Private Insurers Aim for Profit, Not Care
Is It Time for Universal Health Care?
Not Before Private Health Insurance Makes a Money Grab
by Tanya Feke, MD
America Ranks Last
A harrowing report was put out by the Commonwealth Fund in 2014. Out of 11 industrialized countries, the United States came in dead last for its health care system. It was not one issue that led to its embarrassingly low ranking. America placed 5th for quality care, 9th for access to care, and 11th in each of three categories: efficiency, equity, and “healthy lives”. Healthy lives takes into account infant mortality, preventable deaths, and overall life expectancy for people at age 60.
What do those other countries have that we don’t?
Universal health care.
If you think much has changed in the grand scheme since 2014, you are a bit naive. The Affordable Care Act, aka Obamacare, may have increased access to care for millions of Americans. It may have prevented insurers from price-hiking people with pre-existing conditions. It may have required insurance companies to cover basic preventive health services. It may have expanded Medicaid programs in 32 states. It may have add years to the life of the Medicare Trust Fund too. Still, it did not do everything it set out to do.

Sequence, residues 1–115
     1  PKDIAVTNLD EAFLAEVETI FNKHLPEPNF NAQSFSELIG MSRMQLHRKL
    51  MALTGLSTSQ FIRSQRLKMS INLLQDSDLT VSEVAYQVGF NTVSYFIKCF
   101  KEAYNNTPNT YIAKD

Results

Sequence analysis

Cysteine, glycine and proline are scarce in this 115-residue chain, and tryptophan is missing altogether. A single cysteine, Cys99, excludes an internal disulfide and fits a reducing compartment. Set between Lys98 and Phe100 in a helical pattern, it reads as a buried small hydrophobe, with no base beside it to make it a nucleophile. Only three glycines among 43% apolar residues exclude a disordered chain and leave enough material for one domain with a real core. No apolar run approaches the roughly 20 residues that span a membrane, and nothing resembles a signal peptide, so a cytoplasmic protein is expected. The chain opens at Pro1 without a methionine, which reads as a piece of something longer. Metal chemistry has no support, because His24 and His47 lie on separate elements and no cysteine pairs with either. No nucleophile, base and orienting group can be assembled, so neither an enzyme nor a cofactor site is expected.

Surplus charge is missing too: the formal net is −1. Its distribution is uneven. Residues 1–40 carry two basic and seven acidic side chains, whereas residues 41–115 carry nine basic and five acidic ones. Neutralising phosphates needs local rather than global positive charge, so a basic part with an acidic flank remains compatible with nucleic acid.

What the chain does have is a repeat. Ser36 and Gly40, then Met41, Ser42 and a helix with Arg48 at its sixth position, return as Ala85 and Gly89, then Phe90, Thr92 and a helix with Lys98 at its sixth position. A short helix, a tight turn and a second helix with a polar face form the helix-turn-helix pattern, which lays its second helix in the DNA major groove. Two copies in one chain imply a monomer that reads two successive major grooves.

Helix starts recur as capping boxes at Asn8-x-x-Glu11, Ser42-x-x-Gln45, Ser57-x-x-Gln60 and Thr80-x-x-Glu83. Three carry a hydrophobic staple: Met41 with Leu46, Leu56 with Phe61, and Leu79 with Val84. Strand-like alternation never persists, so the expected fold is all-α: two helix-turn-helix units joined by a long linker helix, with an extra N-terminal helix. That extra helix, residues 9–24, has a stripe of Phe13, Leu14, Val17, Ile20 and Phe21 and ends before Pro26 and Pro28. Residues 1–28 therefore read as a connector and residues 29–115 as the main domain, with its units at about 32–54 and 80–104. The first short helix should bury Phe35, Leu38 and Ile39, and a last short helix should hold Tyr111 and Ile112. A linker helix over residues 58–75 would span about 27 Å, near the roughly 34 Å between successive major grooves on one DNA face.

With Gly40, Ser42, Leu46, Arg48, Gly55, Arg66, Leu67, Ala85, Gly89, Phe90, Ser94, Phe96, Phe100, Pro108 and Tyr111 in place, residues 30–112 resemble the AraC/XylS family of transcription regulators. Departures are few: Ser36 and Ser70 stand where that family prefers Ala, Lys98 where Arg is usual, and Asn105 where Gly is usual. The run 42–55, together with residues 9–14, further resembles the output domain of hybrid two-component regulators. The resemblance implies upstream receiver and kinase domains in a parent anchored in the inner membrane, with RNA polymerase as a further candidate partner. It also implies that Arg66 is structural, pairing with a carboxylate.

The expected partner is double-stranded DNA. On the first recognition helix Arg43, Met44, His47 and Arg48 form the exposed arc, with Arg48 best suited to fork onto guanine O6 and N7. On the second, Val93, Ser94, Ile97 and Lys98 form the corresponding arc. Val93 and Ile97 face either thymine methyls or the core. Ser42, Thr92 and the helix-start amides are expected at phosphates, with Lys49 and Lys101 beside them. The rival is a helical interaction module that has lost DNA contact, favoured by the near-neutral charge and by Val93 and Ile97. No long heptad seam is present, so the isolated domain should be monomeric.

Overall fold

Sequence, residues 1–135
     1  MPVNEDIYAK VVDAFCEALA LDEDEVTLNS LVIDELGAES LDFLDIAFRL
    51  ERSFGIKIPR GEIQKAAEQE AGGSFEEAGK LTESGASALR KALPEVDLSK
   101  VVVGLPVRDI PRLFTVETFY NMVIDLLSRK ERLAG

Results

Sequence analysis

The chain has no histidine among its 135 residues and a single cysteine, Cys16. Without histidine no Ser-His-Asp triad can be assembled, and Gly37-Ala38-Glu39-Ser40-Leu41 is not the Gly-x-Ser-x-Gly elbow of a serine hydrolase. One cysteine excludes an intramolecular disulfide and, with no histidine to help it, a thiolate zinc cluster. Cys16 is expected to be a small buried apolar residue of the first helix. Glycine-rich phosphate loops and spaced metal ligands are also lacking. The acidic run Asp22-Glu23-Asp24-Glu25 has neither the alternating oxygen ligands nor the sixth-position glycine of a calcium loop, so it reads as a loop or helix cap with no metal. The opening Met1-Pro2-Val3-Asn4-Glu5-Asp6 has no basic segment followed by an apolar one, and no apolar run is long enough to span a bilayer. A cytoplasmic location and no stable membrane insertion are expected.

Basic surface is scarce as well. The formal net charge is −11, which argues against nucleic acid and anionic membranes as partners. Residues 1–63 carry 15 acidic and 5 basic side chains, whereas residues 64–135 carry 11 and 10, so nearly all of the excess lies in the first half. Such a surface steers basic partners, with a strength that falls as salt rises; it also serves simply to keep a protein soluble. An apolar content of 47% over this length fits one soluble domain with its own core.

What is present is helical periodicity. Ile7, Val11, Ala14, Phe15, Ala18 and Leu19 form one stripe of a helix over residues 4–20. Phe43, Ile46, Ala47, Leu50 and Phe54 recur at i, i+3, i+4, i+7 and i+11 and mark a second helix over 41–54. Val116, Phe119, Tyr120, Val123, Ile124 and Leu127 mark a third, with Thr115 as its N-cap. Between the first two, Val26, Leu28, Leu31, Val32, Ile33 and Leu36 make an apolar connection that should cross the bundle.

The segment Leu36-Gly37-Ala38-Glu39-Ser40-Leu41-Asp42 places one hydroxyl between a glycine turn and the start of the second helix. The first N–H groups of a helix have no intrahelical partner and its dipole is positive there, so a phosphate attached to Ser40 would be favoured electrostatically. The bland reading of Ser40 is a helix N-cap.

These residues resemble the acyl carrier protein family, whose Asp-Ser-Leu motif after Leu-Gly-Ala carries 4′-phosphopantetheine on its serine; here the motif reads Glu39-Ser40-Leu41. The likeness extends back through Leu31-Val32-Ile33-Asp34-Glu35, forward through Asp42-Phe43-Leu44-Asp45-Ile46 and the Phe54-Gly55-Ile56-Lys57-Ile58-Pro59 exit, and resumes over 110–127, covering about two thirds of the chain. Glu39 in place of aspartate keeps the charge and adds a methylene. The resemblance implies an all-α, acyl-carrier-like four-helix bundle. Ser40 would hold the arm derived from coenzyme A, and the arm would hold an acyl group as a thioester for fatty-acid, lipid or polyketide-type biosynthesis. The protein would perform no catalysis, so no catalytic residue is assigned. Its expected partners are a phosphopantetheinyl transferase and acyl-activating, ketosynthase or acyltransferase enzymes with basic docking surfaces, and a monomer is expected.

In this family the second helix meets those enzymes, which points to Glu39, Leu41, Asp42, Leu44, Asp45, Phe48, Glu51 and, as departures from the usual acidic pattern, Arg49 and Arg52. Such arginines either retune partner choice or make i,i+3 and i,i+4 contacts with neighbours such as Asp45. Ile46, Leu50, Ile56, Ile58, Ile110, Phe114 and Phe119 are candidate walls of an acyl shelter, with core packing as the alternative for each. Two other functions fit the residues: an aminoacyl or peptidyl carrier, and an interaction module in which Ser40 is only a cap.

Though many people have better coverage than they had before Obamacare came to pass, others are paying more for it in unfair ways. Insurance premiums are rising at astronomical rates. If you have access to health insurance but still cannot afford it, The Commonwealth Fund is going to ding you for it.
The ACA (Obamacare) – Insurance Companies Win
With the American Health Care Act passing the U.S. House of Representatives in May, many people are left wondering what to expect from our health care system if it also passes in the Senate. Will Democrats and Republicans come together to make a more viable plan? A more workable plan?
No matter how you look at it, Americans are left at the mercy of private insurance companies. If the Affordable Care Act remains the law of the land, private insurers will continue to price hike premiums for people on ACA plans. With more sick people to cover, their profit margins are at risk.
The ACHA (Trumpcare) – Insurance Companies Win